When it grows up, Photoshop on the iPad will probably be great. At the moment, however, I only see a toddler indicating his future potential. Obviously, Adobe has long been laying the foundations for this generation of mobile apps. But as time went on and as technology changed, so did my expectations. So it was inevitable that they did not quite live up to it at the start. Adobe is far from previewing its apps, and now I'm looking forward to my inevitable disappointment when.
It's great fun to experiment with Photoshop, especially as you go back in time to manually create drop shadows and optimize selection edges by painting in the alpha channel. But violin gets old when you try to get work done. I have repeatedly encountered annoying limitations. All additions are included in Adobe's Roadmap, but unless they are available, it's not worth paying a subscription fee. (Effects and smart filters have placeholders in the UI, so they'll probably appear next.) If you've already subscribed to Creative Cloud, it's not a disadvantage to start the program and do a test drive.
A familiar -ish friend
Photoshop on the iPad is clearly intended for professionals, especially those who are already familiar with its desktop siblings. The high price of at least $ 10 per month as a standalone or as part of any of the subscription options is a dead giveaway, as well as the interface that is likely to confuse newcomers.
The core of the functions consists of masking, retouching and some additional functions, such as: B. Mixed modes that you need to join. For example, there are a large handful of brushes that are not nearly as customizable as Fresco or Desktop Photoshop. It inherits Fresco's great brush eraser, which you can use to erase with the same brush you used to paint.
To be fair, there are not many direct competitors for it. The closest is probably Affinity Designer. This is rather illustrative and combines vector and bitmap graphics, but with a much more advanced feature set. Photoshop Mix, Adobe's free, consumer-focused app, actually has a great deal of overlap – and in some cases better ways to work it out – but it lacks masking tools.
Finding Out How Masks Work, How They Compensate For The Barriers Required To Compensate For Restrictions, are the greatest time savings to become familiar with Photoshop on the iPad. However, Adobe does support the keyboard shortcuts we're used to with a connected Bluetooth keyboard to speed things up. It is invaluable for things like nudging or re-selecting.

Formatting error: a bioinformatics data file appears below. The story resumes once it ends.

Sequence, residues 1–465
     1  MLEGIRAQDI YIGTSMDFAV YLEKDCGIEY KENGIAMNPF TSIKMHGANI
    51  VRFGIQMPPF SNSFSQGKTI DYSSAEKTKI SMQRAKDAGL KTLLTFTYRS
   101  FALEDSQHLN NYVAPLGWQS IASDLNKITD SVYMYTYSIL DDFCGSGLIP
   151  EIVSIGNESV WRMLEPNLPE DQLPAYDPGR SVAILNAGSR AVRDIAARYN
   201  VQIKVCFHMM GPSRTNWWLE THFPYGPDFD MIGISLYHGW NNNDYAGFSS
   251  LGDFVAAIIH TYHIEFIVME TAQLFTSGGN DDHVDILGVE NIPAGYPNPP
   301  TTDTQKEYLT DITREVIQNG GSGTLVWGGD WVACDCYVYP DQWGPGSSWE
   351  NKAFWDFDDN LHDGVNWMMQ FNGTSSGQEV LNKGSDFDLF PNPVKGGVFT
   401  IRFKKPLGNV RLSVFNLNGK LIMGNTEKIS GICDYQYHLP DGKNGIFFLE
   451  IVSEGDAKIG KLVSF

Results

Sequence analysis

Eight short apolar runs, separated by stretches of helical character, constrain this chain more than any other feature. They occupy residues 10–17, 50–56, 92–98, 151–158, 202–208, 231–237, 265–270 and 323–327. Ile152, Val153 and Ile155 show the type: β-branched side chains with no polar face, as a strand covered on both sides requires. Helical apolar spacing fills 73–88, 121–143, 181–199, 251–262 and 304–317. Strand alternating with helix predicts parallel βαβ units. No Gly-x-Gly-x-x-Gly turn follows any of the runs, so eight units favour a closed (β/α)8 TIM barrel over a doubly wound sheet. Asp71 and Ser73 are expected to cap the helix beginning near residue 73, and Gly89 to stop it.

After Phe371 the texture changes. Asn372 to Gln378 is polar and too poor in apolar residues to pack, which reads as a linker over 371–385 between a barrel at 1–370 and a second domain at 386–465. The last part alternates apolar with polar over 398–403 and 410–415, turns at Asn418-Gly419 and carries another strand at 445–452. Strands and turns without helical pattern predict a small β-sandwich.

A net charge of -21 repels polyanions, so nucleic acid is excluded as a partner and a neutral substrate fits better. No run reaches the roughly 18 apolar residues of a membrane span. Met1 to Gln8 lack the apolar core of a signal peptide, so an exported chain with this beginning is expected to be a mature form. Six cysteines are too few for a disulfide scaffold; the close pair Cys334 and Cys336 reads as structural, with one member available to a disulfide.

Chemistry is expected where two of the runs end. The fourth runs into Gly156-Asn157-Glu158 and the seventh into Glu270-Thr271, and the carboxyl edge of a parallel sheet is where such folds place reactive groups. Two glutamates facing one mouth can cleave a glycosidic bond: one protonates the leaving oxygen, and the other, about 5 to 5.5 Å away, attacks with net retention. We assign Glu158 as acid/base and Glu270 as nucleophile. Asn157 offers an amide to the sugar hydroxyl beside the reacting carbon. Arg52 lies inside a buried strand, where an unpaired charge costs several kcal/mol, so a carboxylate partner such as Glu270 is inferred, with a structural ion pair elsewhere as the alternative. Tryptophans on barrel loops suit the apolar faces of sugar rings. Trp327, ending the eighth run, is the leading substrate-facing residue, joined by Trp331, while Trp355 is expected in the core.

Performance is generally excellent, even when working with large files. And that has to be, because the file sizes are increasing rapidly. I did not notice until I waited for some of these cloud documents to also download via great wifi on opening. My biggest file was about 380MB and that's nothing compared to what most pros do. There are also exceptions to this speed, such as manipulating text that I found so delayed that it was frustratingly placed or painted with large paintbrushes in selections.
Apart from the occasional glitches in the first version, the interface also works smoothly. Apart from the keyboard shortcuts, it also has a touch point that changes the selected tool (like Fresco) and the usual gesture support. Since the screen is so small, many options are buried in scrolling panels and overflow menus so that the workspace is not overcrowded. However, you can move the join points and context tool options area to clear them. You do not need an Apple Pencil to work in, but it does help, especially if you grease a lot like me.
Behind the Mask
Unfortunately, masking can be quite inconvenient, and the selection tools are terrible: there is a rectangle, an oval, a lasso and an automask, which is your only option for anything beyond the tedious manual Selection of complex edges goes beyond.
Automask does not leak, anti-alias, or refine controls, and these other three 30-year-old tools have only expired. You can not precisely set the auto-mask sensitivity threshold to determine what a match is. The same drawback that applies to the only other selection link is similar. And do not forget to create a mask from a complex grayscale image. Photoshop Mix has better tools.
Do you want to copy a mask from one layer to another? You can not just cut and paste it. In fact, you can not replace the contents of a layer in any way, which adds to the file size problem unless you are constantly managing layers. Each time you insert or import a new layer is created.
Or do you want to add text? On the one hand, Adobe supports the new font interface of the iPad OS so you can download and install any non-native font as needed. Woo hoo! And if you need typographic tools-even simple tools like line spacing-you can use the desktop application. On the roadmap! Creating text effects manually was fun until I had to edit the text. Then it's not so much fun.
There is no way to rotate the entire document if you have decided that it must be landscape instead of portrait. You can not set aspect ratios for cropping. There are no alignment tools. There is no easy way to import another Photoshop file. No swatches, so you can reuse colors for consistency. Roadmap, roadmap, roadmap, roadmap, roadmap.
I'm not a big fan of cloud documents yet. They automatically save what I somehow understand. For example, if you accidentally change the size of a layer on the way out of the app – something I've done several times in this and fresco and did not recognize until I saw the thumbnail update – you'll need to continue your website for personal Assets to be reset to an earlier version.
These are just a few of the issues I've encountered in less than a week. But you get the idea.